As a result, parents often chip in—to the tune of $42 billion a year, per a recent estimate from the Economic Policy Institute.

Some of that spending has likely helped grow Shenoy’s business, though right now capital isn’t a concern—thanks to a $50 million Series C investment from some of the biggest players in the children’s

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Sunstone Eduversity raises Rs 24 Crore in Series A to accelerate the adoption of industry-ready higher education in India



ANI |
Updated:
Sep 30, 2020 16:50 IST

New Delhi [India], September 30 (ANI/NewsVoir): Sunstone Eduversity (owned by Sunstone Education Tech Pvt Ltd) an edtech startup offering industry-ready higher education programs with Pay after Placement, has raised Rs 24 crore in Series A funding.
The funding was led by Saama Capital, with participation from Ashish Gupta, MD – Helion Advisors, Pankaj Bansal, Co-founder & CEO – PeopleStrong. Existing investors, Prime Venture Partners, Rajul Garg and Purvi Capital also participated in the round.
The company will use the fresh capital to invest in its technology platform, hiring and curriculum. Sunstone is also planning to use the funds to strengthen its efforts in creating industry-ready professionals and building its network of colleges across multiple cities.
Sunstone takes complete accountability of a student’s career by operating on a pay after placement model. Students pay a nominal registration amount as an upfront fee and

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Vancouver-based online course education startup Thinkific raises $22M

The Thinkific team. (Thinkific Photo)

Thinkific, a Vancouver, B.C.-based online education startup, today announced a $22 million round led by Vancouver firm Rhino Ventures.

Founded in 2012, the company helps 50,000 instructors create their own online courses and teach users on topics ranging from guitar lessons to fitness classes to business coaching.

Thinkific course creators have earned more than $650 million this year alone. The startup, ranked No. 36 on the GeekWire 200, reported nearly 150% year-over-year revenue growth and plans to hire 350 people over the next 18 months. It currently employs nearly 200.

Thinkific co-founder and CEO Greg Smith said the pandemic caused a 200% increase in online courses created on the company’s platform since March.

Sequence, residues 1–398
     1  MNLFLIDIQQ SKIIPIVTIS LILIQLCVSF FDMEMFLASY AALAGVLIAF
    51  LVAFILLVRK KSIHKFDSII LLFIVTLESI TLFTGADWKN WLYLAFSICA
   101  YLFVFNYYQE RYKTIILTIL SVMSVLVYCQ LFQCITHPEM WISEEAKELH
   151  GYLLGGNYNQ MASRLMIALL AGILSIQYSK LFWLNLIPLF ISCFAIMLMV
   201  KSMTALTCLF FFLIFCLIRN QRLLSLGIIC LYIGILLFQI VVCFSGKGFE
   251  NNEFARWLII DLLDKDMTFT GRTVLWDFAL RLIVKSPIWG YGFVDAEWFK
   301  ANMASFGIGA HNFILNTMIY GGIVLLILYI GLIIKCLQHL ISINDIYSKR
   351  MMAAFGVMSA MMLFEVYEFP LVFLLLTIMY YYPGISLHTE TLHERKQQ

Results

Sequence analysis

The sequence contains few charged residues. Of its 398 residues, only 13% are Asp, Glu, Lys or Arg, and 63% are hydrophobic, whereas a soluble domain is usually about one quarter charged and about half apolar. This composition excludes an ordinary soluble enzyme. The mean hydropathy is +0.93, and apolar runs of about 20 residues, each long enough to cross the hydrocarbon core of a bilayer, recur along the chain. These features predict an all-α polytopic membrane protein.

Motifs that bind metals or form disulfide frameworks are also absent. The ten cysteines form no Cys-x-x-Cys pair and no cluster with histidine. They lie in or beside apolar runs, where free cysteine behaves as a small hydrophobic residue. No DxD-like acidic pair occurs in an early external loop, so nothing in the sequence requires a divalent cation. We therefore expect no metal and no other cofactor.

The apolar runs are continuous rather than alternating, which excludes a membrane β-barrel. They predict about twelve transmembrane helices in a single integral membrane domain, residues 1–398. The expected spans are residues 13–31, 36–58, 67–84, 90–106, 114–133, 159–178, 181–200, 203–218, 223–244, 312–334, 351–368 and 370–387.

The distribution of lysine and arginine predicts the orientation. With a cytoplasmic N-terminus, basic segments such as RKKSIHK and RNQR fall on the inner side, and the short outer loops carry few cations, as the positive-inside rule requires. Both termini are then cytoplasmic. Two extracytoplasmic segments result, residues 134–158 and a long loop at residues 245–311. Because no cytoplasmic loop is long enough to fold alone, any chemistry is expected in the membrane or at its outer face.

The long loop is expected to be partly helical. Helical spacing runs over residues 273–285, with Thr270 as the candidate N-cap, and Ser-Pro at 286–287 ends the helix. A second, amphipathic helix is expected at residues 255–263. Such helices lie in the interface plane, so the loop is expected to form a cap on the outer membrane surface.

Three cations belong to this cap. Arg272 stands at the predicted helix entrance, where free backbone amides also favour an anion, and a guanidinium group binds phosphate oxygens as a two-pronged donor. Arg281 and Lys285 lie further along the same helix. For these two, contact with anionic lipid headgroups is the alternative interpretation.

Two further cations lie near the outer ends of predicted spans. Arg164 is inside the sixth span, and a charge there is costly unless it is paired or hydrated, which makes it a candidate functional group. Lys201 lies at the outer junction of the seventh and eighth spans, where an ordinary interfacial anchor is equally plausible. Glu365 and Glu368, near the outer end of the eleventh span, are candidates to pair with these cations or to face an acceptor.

“Even before the pandemic hit, we were witnessing significant growth, but we’ve now seen the course creation industry change forever,” he said in a statement. “A massive number of entrepreneurs are rapidly

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Puyallup teacher’s union raises PPE concerns as students return to class

Puyallup teachers will be in class to prepare on Monday in order to welcome special education students on Tuesday.

PUYALLUP, Wash — Some Puyallup teachers will be back in their classrooms Monday as they prepare for the return of special education students.

Those students will head back to the classroom Tuesday, but the union that represents the more than 1,400 teachers in the district said they have some concerns about returning students and staff to classrooms.

“We are very concerned about the (personal protective equipment), and that’s a concern that we had on Friday,” said Puyallup Education Association President Karen McNamara. “There has been some emailing back and forth this weekend.”

Teachers will be in the classroom on Monday without students, but the union wants to make sure all the pieces are in place to keep everyone safe, which includes making sure there is enough personal protective equipment.

“They’re telling

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Puyallup teacher’s union raises PPE concerns as students return class

Puyallup teachers will be in class to prepare on Monday in order to welcome Special Education students on Tuesday.

PUYALLUP, Wash — Some Puyallup teachers will be back in their classrooms Monday preparing for the return of Special Education students. 

Those students will head back to the classroom on Tuesday, but the union that represents the more than 1,400 teachers in the district said that they have some concerns about returning students and staff to classrooms.

“We are very concerned about the PPE, and that’s a concern that we had on Friday. There has been some emailing back and forth this weekend,” Puyallup Education Association President Karen McNamara explained.

On the first day, teachers will be there without students, but the union wants to make sure all the pieces are in place to keep everyone safe, which includes making sure there’s enough PPE.

“They’re telling us the cloth masks are